The interior of the Church of St. Jerome in Hum hides valuable frescoes from the late 12th or the early 13th cc. On the triumphal arch is the scene of the Annunciation depicted in front of the architectural background of a city. The angel is in movement, with fluttering robes while the Virgin Mary is seated on the throne, spinning wool. This is an apocryphal motif from the Proto-Gospel of James, popular in the Christian East. The finest representations are motifs of the Deposition of Christ and Entombment of Christ on the northern wall. They show the painter’s great skill. The figure of Joseph of Arimathea with noble old man's features, as well as the draperies of the furthest figure to the left show the full specificity of these works. The impression of physical is achieved by the consistent alternation of light and dark strokes that form the drapery of the figures’ clothes. The hems of clothing are accentuated by light contours,lumeggiature, while the architecture – by white colour.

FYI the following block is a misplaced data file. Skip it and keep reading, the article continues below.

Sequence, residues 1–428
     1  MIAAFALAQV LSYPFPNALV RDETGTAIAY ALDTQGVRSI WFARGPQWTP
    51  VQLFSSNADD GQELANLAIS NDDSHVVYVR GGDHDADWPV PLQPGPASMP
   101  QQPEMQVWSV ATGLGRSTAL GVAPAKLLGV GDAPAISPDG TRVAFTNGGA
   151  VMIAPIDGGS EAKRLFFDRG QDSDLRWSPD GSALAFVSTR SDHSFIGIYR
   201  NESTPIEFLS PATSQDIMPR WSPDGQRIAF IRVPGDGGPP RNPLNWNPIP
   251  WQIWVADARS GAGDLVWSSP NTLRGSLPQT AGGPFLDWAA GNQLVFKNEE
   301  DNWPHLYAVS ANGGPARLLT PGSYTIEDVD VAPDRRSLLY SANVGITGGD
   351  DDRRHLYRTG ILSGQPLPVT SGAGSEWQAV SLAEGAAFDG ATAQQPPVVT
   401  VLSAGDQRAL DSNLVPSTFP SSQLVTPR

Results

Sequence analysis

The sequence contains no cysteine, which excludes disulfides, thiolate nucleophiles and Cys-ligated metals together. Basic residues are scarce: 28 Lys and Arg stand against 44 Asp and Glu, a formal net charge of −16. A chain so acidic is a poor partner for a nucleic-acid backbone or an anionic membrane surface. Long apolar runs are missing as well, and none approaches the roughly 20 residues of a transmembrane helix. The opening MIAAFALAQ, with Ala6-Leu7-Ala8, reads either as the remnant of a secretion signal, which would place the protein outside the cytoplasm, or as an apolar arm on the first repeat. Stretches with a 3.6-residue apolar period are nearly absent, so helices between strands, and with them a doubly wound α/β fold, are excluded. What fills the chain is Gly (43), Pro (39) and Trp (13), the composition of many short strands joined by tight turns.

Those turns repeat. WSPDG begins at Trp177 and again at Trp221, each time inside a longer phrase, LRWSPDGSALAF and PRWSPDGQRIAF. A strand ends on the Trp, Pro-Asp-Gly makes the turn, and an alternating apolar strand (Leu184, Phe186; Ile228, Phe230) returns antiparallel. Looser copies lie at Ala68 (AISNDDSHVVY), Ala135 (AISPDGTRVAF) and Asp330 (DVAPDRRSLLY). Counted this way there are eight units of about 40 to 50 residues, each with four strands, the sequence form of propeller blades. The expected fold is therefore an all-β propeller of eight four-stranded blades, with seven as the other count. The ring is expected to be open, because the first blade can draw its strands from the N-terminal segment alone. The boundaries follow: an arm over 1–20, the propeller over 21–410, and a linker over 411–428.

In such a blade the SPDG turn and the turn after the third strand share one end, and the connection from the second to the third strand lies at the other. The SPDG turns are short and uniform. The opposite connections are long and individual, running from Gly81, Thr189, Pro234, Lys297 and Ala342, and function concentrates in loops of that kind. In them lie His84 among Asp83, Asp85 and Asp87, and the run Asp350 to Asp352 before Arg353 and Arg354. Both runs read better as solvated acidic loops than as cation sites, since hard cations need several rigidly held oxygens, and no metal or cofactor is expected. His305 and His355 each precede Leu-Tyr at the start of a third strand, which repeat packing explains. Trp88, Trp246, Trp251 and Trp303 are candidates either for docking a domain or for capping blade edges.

Until the present, Byzantinism was excessively considered a dominant component of this painting. However, recent research has recognized it as a link connecting the Venice-Aquileia and the Austria-Salzburg painters circle. Dominant red, fine hair and attire gradations point to the western chromatic scale, while the architectural and landscape images had been completely neglected, apart from the Annunciation of Mary, of which architecture it is an inevitable element. Apart from frescoes, Glagolitic graffitos were also found on the walls, believed to be written by the priest who had kept records of served masses. As the exceptional quality of these paintings surpasses the abilities of the area and local commissioner, it must have been commissioned by the Aquileian Patriarchate, the mightiest feudal lords of Istria at the time.
The key of the church is in the tavern.